• For the core areas of expanded diagnosis and effective treatment for drug-susceptible TB (which will prevent MDR-TB), a total of US$ 2.6 billion is needed each year for the 2014–2016 period. For 2011, funding of about US$ 2 billion was available. In low-income countries this is the largest area for increased financing.
  • Prompt and effective treatment for multidrug-resistant TB requires an estimated total of US$ 1.3 billion per year. This is where the greatest increase in funding is needed in the coming years. For 2011, funding of US$ 0.5 billion was available.
  • Uptake of new rapid diagnostics and associated laboratory strengthening, especially for the diagnosis of MDR-TB and for TB diagnosis among people living with HIV, requires US$ 600 million per year.
  • Excluding antiretroviral treatment for TB patients living with HIV, which is financed by HIV programmes and their donors, about US$ 330 million is required for HIV-associated TB interventions, such as testing TB patients for HIV, ensuring regular screening for active TB disease among people living with HIV, and providing TB preventive treatment. 

In addition to the US$ 1.6 billion annual gap in international financing for critical implementation interventions, WHO and partners estimate that there is a US$ 1.3 billion annual gap for TB research and development during the period 2014–2016, including clinical trials for new TB drugs, diagnostics and vaccines.

Pakistan, which has the fifth highest burden of TB in the world and the fourth highest in terms of MDR-TB, is working on many fronts to address the problem with the technical support of WHO and financial support of the DFID, Global Fund, JICA, KNCV, USAID and a number of other development partners.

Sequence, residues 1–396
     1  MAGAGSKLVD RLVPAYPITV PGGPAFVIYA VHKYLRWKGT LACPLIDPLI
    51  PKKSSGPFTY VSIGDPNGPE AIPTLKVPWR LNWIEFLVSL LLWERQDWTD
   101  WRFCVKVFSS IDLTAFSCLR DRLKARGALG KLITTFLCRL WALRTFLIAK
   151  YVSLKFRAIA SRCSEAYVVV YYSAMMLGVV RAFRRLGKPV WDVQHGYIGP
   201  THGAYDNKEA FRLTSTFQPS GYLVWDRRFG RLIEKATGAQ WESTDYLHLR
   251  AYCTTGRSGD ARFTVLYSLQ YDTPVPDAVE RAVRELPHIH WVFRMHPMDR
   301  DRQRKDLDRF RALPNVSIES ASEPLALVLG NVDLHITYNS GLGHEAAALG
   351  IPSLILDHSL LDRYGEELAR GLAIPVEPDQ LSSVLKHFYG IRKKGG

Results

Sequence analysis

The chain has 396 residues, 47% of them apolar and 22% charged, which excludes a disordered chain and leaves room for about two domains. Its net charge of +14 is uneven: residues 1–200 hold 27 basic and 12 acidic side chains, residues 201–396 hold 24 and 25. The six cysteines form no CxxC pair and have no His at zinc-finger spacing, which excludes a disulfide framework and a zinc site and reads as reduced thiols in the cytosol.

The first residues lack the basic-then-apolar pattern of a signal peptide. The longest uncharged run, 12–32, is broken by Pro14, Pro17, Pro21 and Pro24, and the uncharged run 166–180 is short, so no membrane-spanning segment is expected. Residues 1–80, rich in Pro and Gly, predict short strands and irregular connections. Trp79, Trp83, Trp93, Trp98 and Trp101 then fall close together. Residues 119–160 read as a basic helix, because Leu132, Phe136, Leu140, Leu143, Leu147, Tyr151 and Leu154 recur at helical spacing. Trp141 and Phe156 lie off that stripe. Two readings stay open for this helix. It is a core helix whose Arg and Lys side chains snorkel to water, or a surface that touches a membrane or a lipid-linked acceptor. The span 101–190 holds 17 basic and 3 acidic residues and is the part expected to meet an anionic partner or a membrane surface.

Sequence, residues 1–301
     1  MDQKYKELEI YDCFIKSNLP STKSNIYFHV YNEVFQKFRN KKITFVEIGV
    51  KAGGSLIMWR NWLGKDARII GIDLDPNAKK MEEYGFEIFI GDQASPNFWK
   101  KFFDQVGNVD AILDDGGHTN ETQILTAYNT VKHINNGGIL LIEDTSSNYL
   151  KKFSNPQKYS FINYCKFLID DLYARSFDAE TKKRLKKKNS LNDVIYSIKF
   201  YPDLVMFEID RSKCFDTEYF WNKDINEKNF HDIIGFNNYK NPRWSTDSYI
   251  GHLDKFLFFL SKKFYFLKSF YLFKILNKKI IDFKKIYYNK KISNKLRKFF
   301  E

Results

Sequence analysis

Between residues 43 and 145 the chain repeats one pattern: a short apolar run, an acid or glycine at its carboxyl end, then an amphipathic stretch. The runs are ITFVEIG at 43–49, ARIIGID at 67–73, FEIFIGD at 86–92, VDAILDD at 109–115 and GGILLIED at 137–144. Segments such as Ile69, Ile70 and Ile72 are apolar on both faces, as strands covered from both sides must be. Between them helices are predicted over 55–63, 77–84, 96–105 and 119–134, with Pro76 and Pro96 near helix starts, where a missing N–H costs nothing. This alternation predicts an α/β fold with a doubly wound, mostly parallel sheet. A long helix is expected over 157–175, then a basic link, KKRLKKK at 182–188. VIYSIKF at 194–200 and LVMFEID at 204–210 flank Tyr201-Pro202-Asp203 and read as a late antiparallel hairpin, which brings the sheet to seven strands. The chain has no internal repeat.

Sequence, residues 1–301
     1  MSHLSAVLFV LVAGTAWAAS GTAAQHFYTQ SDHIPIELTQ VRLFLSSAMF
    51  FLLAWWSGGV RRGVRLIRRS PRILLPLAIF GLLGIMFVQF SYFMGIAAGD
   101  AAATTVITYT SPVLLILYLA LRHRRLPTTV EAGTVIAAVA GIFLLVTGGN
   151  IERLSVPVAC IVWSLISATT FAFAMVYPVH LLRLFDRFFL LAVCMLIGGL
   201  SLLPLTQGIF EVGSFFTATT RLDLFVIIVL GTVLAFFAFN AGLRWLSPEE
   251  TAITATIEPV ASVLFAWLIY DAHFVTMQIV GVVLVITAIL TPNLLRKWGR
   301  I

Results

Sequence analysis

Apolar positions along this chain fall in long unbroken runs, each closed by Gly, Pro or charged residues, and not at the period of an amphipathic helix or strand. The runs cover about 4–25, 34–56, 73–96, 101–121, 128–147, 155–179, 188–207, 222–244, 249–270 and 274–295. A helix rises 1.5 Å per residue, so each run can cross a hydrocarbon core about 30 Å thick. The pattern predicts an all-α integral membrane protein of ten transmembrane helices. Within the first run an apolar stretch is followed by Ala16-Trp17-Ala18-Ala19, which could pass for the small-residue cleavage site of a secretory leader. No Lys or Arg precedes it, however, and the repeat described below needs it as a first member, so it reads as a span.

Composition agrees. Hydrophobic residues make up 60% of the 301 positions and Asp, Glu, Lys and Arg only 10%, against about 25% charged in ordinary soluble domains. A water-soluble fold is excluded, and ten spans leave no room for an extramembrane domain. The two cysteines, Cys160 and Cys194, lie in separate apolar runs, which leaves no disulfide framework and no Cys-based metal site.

A tripartite agreement between the national TB control programme, WHO Pakistan and the Institute of Tropical Medicine, Belgium, has enabled the latter to act as a supranational laboratory for TB control in Pakistan.

WHO is also technically supporting a USAID-funded prevalence survey and assisting in incidence and drug resistance surveys to know the exact burden of the disease in Pakistan, alongside efforts to detect and treat patients with TB. The programme's current case detection rate is 69% and the treatment success rate is 92%.

The WHO Representative in Pakistan, Dr Ni’ma Saeed Abid, expressed satisfaction over the performance of national and provincial TB control programmes and hoped that, with an increased pace of effort, the Millennium Development Goal relating to TB may be at least partially achieved by 2015. He emphasized that WHO has remained a consistent technical partner of the programme and has been supporting the programme, particularly in the areas of monitoring and evaluation, resource mobilization and operational research. He described TB control as one of the success stories in Pakistan’s health sector.